Every season is full of ups and downs, and that’s certainly true for the LA Galaxy, but beyond the big storylines for the team, every player had their own story in 2022.
With that, we kick off the annual Player Postmortem series by beginning with the players who didn’t see competitive action with the Galaxy first team. From here, we’ll have a post on every player who did play competitive minutes on the squad, but each of the players who did not feature — obviously — have their own story for this season nevertheless. And away we go...
It was a tough year for Sueño, who ended up missing the whole year with a knee injury. He was extremely good to start the 2021 season with the G’z, but a chronic issue cropped up and he was hobbled down the stretch. Head coach Greg Vanney said that a hyperextension led to a bone bruise, which then appeared to be a cartilage issue in his knee. After a minor surgery this spring, he didn’t bounce back, and LA opted to put him on the season-ending injury list by May, as he had another surgery to try and correct it, as outlined by Vanney.
I think Villafaña’s absence both was and wasn’t felt. With him out, Raheem Edwards started the season as the left back and was initially effective, particularly in attack. When Villafaña was ruled out for the year, the Galaxy traded for Chase Gasper, a defensive-minded left back coming back from some personal issues, and it made a lot of sense. But I think the Edwards-Gasper platoon was really inconsistent. Sometimes, the player there was fantastic, and sometimes, they were the player struggling most on the field. In that way, LA certainly could have used Villafaña’s experience and steady play to even out the peaks and valleys.
Now 33, with a lot of miles on his legs aside from this year, it will be interesting to see what the future holds for Villafaña. One of the greatest stories in American soccer, we’ll see what comes next in Sueño’s career and if it will be with the Galaxy.
Judd, 23, did play in the Galaxy’s Leagues Cup friendly against Chivas, but after signing a first-team deal in April, he never got the initial bow in MLS that I think was expected.
Instead, the combative forward was a fixture for LA Galaxy II, and had 13 goals and 4 assists in 25 appearances for Los Dos, leading the team in scoring at USL Championship level. He was named Galaxy II Player of the Year, and has shown across the last two seasons he can absolutely succeed at a Division II level.
We’ll have to see if he can make the jump up to MLS or if the USL Championship is his ideal level. Los Dos have had some success with a forward pipeline from Los Dos to MLS...when those players head to other MLS teams. Ariel Lassiter has become a regular for Inter Miami as a support striker, while Ethan Zubak got some playing time this year at Nashville SC. And with Chicharito and Dejan Joveljić getting the minutes, it’s not a shock Judd didn’t see the field for the first team. Even so, you’re only a couple injuries away from casting about for options, and we’ll see if Judd sticks around next season to fight for minutes, or if he’ll head elsewhere for more consistent playing time. I certainly think MLS Next Pro won’t be as competitive, so staying to play with Galaxy II is probably not the best move for his career. We’ll see what happens.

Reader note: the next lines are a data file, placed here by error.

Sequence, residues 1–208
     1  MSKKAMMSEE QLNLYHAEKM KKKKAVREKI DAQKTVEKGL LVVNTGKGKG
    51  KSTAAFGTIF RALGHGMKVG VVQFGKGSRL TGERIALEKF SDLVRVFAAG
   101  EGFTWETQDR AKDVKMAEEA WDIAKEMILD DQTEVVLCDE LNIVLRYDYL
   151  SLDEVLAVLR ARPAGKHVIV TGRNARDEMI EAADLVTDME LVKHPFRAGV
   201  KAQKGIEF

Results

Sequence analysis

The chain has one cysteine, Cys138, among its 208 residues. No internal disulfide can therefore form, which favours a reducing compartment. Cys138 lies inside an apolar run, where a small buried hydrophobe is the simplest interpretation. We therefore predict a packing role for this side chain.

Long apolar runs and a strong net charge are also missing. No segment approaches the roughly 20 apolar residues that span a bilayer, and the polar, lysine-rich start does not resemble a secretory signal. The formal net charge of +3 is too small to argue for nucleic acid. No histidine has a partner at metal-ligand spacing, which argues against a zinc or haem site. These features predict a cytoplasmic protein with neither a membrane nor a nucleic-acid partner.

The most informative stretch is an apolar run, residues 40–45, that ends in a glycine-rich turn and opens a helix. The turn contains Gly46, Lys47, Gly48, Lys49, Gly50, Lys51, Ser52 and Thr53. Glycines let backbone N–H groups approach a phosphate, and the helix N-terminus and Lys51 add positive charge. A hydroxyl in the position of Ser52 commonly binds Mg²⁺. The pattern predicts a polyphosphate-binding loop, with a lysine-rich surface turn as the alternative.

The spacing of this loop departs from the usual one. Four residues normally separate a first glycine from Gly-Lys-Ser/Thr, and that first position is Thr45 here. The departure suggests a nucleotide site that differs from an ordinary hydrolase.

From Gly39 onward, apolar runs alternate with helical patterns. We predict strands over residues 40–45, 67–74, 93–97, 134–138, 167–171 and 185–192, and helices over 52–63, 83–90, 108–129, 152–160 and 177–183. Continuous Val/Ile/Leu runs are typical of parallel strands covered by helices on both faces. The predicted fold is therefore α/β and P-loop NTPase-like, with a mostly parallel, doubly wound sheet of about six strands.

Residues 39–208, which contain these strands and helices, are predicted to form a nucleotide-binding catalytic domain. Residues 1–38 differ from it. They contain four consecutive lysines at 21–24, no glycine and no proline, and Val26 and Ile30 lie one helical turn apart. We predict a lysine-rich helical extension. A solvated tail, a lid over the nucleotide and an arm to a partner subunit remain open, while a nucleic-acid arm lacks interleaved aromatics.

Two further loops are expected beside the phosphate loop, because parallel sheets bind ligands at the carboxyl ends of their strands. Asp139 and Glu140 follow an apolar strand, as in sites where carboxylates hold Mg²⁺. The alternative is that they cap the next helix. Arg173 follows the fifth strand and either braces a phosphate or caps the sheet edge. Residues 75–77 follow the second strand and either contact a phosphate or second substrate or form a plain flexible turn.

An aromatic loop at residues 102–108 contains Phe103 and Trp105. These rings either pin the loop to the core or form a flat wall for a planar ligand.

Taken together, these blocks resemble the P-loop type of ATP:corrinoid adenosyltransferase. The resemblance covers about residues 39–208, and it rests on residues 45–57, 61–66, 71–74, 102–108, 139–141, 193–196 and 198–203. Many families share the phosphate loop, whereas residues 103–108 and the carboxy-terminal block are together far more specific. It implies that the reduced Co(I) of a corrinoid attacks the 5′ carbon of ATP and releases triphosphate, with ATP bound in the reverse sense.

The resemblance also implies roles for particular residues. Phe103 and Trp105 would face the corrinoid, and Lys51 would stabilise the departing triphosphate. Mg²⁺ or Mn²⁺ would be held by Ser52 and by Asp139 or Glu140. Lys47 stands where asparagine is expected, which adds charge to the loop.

The center back, now 19, entered his second season as a first team player by being assigned again to Galaxy II. Aside from a productive stint with the U.S. U-20s, which won the Concacaf U-20 Championship, Ferkranus’ playing time for club was limited this year at all levels. He featured in just four games at USL Championship level with Los Dos, before he was loaned out to fellow USL Championship side Phoenix Rising FC in late-July. He made five appearances, two starts, as Phoenix limped to a surprisingly poor finish.
It’s unclear what happened with Ferkranus. Did he ask to go on loan to get more playing time, or did the Galaxy just send him out? Does that mean his days with the organization are numbered, or will he get a fresh start in 2023? We’ll have to see what the club’s end-of-season personnel decisions will be, and go from there.
Once one of the top goalkeeping prospects in MLS, Sanchez is 28 now and was the Galaxy’s 3rd-string GK in 2022. No surprise, with Jonathan Bond and Jonathan Klinsmann getting the competitive playing time, the road to first-team playing time was long for Sanchez, who signed a one-year deal for this year.
As a result, he went to Galaxy II, starting 13 games in USL Championship play this year. He split time with Eric Lopez, and while I wonder why Lopez was dropped from the first team and yet brought back to Los Dos anyway, Sanchez’s stats were not as good across the board compared to Lopez. With Galaxy II being a reserve team, obviously chopping and changing lineups can be disruptive to a goalkeeper’s flow, but that’s not the ultimate objective of a reserve team, it’s trying things and giving reserves playing time.
We’ll see if Sanchez is back, but it’s hard out there for a 3rd string GK. So we’ll see what happens.
What do you think? Leave a comment below.